Right-winger gets schooled for lashing out at Black Lives Matter while defending Trump’s cabinet
Errol Louis (Photo: Screen capture)

Conservative radio host Vicki McKenna got more than she bargained for when she went up against Errol Louis and political commentator David Swerdlick. McKenna attempted to claim that President-Elect Donald Trump understands the plight of blighted neighborhoods in Milwaukee better than Black Lives Matter or civil rights activist DeRay Mckesson.


McKenna asked the two black men if they'd rather see a cabinet position to go to a person with a particular skin color or someone who might help people of color.

"With all due respect, DeRay Mckesson has never come into the city of Milwaukee and said anything about a white south neighborhood, about urban poverty going on for the past 20 years that's been sucking the life blood out of the city of Milwaukee," McKenna said. She claimed that the civil rights leader has "said nothing about a lack of economic development."

She went on to ask the two men what any cabinet position has to do with solving the urban problems in cities like Milwaukee, Wisconsin or anywhere else. "Black Lives Matter have stirred things up, said don't trust the police, allowed crime to explode, allowed the murder rate to explode. And essentially condemn the city of Milwaukee to machine politicians keeping people miserable and fearful for their lives."

Louis explained that the cabinet position for Housing and Urban Development helps work on these issues and that Trump has appointed a neurosurgeon to the post instead of an expert in policy, housing or in urban development. In fact, Louis explained that Trump meeting with ex-NFL players or celebrities instead of experts on issues facing urban communities was insulting to the black community.

(READ MORE: Top Trump strategist Bannon once told a colleague that suppressing black voters ‘not a bad thing’)

"It's deeply insulting," Louis said. "I don't know that he cares or even recognizes it and it goes all the way through his cabinet picks. Like taking somebody who has never served in any government, not even the city council level, who's never done anything with urban development and takes Dr. Ben Carson, who is a very nice man, and put him in charge of a $50 billion budget with 8,000 employees and responsibility for some really, really important issues. Where this all ends up, I'm not sure. But this is not the way for Donald Trump, I think, to do what he said he's going to do, which is get 90 percent of the black vote when he runs for re-election."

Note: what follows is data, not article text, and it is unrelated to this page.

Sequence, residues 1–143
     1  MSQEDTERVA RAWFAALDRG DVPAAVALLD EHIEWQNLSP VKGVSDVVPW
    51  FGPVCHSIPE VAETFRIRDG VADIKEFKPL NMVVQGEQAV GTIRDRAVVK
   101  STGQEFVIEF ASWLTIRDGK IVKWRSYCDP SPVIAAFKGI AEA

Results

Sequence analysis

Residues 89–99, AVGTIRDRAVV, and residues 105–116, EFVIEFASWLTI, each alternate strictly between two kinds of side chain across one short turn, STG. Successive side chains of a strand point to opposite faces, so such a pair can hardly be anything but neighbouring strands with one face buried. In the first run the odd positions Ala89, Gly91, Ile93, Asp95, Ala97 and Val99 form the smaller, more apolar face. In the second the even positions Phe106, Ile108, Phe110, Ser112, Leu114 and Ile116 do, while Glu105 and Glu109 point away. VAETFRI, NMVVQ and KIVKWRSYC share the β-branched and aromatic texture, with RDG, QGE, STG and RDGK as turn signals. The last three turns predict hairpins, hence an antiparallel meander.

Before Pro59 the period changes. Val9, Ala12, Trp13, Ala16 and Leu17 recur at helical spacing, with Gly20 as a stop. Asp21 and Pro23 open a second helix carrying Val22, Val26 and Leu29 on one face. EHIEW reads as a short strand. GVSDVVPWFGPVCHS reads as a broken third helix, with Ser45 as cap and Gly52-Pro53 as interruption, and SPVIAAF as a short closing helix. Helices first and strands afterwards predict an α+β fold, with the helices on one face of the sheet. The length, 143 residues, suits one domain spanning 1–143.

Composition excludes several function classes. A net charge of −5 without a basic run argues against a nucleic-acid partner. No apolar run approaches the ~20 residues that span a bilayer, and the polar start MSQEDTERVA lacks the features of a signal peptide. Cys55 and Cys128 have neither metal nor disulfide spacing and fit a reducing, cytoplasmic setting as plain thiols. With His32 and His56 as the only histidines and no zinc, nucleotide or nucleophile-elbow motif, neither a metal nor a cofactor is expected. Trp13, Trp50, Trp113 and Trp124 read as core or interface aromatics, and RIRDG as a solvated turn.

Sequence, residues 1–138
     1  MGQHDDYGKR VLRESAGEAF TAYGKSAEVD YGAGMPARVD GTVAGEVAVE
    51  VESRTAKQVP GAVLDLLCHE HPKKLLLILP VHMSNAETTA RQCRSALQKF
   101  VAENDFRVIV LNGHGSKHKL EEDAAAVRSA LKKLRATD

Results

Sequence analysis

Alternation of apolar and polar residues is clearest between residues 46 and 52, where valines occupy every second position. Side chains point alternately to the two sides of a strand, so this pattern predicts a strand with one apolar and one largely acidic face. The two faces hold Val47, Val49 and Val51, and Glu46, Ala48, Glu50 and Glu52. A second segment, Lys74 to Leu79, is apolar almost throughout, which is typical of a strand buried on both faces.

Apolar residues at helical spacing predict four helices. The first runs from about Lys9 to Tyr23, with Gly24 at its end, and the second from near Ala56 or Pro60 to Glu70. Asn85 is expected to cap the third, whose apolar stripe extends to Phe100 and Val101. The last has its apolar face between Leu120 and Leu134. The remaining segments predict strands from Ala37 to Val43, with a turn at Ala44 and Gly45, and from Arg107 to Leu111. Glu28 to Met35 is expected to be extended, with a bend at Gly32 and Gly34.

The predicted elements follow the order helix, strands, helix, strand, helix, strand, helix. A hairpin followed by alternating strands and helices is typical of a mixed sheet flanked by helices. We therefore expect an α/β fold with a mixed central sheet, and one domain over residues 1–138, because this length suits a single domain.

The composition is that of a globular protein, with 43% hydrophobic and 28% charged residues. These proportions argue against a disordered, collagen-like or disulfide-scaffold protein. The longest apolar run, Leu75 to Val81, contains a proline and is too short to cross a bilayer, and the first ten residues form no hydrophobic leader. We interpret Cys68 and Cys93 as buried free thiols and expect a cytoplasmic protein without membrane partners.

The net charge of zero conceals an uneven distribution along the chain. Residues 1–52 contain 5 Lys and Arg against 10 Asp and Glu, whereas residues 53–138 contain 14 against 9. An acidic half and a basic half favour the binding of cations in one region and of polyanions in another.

Swerdlick agreed that the idea of taking his cues from the rich and famous wasn't the way to go.

"Trump's outreach to washed up football players and entertainers is really not the way to go if he really wants to build a bridge to African-Americans and people of color," Swerdlick echoed. He was more hopeful, however, that Trump could change course and begin talking to people who are experts in these fields.

He also noted that there were major issues that do matter more than the person's skin color but they are all issues Trump opposes.

"I happen to agree with Vicki that diversity in the cabinet is not as important as what those cabinet members do," Swerdlick continued. The Trump administration has signaled that they want to get rid of the Affordable Care Act. That's something that is favored by 75 percent of African-Americans. They've signaled that they want to roll back some of President Obama's initiatives on the DREAMers. The majority of voters of color favor allowing the DREAMers to stay in this country legally. So, those are the things that I would agree with are more important than whether white men or someone else are in those top cabinet positions."

McKenna claimed that only she knew what was going on in her state and Swerdlick cut in to say that no one claimed that she didn't.

Louis argued that Trump doesn't take African-American outreach seriously, as evidenced by the fact that he made a reality TV star the head of black outreach on the campaign.

See the full exchange below: